Articles > Names
Spanish Names from the Late 15th Century
by Juliana de Luna (Julia Smith, firstname.lastname@example.org)
© 1999-2000 by Julia Smith; all rights reserved.
Surnames were still quite simple in the late 15th century. The vast
majority of people had a single element surname. Two element surnames
occur rarely; three element surnames are not found in this data. No
surname at all is given for 9% of men and 15% of women. A variety of
reasons account for this: some were royal (and the queen's immediate
family), others were servants, and still others were people whose
surnames may simply not have been known.
Over 50% of people had simple locative surnames, taking the form de
(placename), meaning 'of (or from) a place'. 55% of men and 51% of
women with surnames had surnames of this type. Some mentioned a specific
place, while others may describe a kind of location rather than be the
name of a specific place (e.g. de la Vega means 'from the meadow').
Locative surnames rarely refer to the name of a kingdom (such as Leon,
Castile, Aragon, and Portugal), because these names were reserved for
descendants of the lords of the rulers of those kingdoms. However,
because these names were preserved over generations, using them does not
claim to be the son of a king, only a descendant of one.
About 10% of men and 19% of women used simple patronymic surnames. The
majority of these surnames were formed by taking a man's name, dropping
the final 'o' (if there was one), and adding 'ez' to the end. A smaller
number were formed by simply using the father's name without
modification. These names were originally true patronymics, in which
each person would form a new name from his own father's name; by the
late 15th century, they had become frozen as surnames inherited from
generation to generation.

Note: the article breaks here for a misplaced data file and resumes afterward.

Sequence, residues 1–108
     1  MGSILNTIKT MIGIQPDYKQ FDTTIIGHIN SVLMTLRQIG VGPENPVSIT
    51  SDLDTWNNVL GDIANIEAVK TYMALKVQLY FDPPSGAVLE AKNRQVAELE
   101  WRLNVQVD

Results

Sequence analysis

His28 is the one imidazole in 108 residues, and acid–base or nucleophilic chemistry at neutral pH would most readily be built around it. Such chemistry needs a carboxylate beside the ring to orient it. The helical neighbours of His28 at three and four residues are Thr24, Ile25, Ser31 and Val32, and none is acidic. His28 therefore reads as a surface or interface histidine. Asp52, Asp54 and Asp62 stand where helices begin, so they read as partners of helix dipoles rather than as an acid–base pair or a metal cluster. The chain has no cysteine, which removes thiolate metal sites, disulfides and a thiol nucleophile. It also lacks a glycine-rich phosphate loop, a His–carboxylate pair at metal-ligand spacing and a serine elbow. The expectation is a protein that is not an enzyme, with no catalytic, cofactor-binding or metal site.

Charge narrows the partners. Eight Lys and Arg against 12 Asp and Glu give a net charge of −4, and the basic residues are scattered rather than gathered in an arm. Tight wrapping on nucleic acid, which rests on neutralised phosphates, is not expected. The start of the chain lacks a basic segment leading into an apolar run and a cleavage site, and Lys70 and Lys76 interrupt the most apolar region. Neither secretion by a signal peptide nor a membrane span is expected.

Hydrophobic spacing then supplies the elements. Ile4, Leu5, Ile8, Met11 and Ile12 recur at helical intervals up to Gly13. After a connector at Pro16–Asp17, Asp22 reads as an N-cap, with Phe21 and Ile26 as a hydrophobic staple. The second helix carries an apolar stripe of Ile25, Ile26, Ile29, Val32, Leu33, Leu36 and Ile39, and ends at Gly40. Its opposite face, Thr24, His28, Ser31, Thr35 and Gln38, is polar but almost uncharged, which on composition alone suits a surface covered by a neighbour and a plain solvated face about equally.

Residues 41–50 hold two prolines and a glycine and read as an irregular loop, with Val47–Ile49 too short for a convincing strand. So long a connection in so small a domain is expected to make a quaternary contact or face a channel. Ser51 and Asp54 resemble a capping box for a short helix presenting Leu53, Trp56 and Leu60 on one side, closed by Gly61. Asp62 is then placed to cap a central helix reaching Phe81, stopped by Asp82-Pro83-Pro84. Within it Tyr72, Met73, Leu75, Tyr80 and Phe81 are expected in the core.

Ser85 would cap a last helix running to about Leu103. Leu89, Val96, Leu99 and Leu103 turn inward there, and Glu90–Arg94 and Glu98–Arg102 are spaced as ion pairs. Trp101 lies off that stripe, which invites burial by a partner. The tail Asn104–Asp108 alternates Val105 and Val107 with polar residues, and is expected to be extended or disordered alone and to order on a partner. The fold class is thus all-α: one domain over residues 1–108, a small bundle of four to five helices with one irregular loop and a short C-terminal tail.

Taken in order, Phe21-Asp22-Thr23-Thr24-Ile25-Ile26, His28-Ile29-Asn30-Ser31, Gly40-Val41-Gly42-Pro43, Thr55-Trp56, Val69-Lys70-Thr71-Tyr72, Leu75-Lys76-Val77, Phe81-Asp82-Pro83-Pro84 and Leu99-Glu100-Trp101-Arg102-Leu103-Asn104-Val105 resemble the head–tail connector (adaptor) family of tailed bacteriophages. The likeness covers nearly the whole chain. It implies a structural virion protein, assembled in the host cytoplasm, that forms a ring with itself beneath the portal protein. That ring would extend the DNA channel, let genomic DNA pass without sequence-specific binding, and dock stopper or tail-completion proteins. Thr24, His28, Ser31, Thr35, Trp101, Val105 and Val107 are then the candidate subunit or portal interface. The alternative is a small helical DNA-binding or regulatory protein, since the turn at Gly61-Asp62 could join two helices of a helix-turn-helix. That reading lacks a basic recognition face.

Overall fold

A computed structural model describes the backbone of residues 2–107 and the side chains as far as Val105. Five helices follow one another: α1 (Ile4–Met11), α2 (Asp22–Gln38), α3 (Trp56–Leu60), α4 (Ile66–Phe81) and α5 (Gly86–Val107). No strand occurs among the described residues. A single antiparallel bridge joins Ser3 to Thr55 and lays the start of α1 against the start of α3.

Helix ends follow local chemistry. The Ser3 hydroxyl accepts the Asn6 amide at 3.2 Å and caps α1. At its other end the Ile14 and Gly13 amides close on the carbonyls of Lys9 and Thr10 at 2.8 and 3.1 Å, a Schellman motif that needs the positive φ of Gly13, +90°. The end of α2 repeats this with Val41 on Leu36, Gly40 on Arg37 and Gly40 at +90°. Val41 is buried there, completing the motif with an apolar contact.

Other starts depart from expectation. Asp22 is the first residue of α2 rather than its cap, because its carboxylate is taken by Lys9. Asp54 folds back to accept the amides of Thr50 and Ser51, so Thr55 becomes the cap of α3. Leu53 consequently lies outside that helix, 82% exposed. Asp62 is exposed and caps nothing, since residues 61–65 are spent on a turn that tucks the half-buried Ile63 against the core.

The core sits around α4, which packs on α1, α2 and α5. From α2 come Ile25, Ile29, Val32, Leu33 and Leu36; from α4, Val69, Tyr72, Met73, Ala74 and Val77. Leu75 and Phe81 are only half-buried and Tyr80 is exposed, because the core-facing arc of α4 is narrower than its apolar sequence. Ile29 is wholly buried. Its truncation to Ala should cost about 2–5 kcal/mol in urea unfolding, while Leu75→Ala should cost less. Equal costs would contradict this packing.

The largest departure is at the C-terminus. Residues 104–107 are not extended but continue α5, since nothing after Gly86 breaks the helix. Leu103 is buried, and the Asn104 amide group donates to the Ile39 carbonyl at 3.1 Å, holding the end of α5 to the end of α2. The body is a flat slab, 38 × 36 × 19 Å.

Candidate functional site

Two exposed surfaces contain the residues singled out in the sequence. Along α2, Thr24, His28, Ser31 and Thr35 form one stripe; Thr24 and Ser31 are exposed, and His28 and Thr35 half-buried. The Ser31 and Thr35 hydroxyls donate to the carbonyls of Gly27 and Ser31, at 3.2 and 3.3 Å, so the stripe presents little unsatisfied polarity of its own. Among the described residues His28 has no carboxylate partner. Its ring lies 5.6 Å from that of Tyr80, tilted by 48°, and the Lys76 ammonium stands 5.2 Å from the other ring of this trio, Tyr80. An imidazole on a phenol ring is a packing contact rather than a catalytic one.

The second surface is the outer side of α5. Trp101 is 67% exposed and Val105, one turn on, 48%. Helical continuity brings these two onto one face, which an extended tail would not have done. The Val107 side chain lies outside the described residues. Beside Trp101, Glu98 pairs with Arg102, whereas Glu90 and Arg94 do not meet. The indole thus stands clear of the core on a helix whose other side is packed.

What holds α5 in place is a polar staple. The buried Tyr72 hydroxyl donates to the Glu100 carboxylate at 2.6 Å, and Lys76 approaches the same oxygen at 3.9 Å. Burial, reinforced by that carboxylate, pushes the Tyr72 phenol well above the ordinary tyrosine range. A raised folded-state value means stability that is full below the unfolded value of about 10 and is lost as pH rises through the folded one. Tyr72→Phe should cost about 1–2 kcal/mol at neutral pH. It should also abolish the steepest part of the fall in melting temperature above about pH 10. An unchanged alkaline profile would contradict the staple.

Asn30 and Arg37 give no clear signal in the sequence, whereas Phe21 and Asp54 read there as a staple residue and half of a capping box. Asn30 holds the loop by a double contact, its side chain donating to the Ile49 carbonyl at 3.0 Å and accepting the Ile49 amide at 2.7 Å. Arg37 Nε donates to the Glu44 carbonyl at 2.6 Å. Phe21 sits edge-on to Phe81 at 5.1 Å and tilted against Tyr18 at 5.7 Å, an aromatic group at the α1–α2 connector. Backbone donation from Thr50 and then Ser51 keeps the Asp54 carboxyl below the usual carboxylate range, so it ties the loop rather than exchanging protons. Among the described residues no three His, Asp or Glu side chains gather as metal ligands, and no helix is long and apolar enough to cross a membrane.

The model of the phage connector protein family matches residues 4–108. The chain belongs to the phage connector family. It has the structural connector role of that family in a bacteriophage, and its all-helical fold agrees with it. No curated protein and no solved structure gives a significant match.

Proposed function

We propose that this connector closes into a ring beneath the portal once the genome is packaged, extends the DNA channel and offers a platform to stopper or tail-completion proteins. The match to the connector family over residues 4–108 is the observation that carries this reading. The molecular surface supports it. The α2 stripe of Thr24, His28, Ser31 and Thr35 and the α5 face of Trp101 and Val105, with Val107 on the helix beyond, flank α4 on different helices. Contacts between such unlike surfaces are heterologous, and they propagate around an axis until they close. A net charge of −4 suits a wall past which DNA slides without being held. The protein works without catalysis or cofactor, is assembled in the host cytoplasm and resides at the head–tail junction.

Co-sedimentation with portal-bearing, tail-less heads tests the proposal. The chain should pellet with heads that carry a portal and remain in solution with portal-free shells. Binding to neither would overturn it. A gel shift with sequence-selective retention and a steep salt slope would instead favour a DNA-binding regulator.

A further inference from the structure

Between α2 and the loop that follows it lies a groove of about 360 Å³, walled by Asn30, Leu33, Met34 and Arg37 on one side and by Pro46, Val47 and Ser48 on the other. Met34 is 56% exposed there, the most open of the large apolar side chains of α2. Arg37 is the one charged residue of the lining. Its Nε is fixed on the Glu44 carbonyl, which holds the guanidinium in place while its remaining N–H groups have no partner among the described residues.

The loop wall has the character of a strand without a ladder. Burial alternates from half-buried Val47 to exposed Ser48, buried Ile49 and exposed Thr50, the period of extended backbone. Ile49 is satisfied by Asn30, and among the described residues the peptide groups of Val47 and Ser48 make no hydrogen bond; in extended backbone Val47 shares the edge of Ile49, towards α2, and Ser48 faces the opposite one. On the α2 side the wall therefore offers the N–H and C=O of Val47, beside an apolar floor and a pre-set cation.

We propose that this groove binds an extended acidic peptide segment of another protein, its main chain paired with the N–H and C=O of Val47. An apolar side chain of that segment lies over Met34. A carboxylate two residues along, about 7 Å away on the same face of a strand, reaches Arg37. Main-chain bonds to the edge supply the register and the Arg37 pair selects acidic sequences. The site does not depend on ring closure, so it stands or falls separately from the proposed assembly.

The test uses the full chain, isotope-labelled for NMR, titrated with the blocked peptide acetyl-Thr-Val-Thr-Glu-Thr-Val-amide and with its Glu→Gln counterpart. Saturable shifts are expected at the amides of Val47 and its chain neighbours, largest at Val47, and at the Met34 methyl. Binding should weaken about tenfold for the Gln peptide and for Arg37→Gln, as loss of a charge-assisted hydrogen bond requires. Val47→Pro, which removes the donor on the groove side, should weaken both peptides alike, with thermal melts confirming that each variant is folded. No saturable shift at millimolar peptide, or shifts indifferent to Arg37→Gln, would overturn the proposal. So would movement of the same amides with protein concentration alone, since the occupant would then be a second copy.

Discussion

Several other kinds of surnames are found mostly descriptive names of
various sorts. No single type of other surname comprises more than a few
percent of individuals. Some, such as el joven 'the young', el
negro 'dark' and Calvo 'bald' describe a physical trait. Others
describe other kinds of traits, such as Bravo 'brave' and Cortes
'courteous. Others, such as Aragones 'Aragonese', Naharro
'Navarese', and Gallego 'Gallician' describe citizenship or ethnicity.
Still others are occupational, including Peregrin 'pilgrim', el
ballestero 'crossbowman', Capenellas 'chaplain'. Some names are
simply unidentifiable. As with patronymic surnames, most of these surnames
were inherited family names rather than literal descriptions of these
Less than 7% of men and less than 3% of women have two element surnames.
Of these names, 70% combine a first patronymic element with a second
locative element: Ferrandes de Llerrena, Ruyz de Azcona, and Ponçe
de Leon for example. The remaining 30% of two element surnames are
split evently between the pattern of a patronymic element followed by
another kind of element and the pattern of another element followed by a
locative element. Examples of the first include Peres Vitoria and
Alonso Niño; examples of the second include Hurtado de Mendoça and
Carrillo de Guadalupe. There are no examples of combinations of two
patronymic elements or two locative elements.
Return to the top of this page
Return to the main page of this article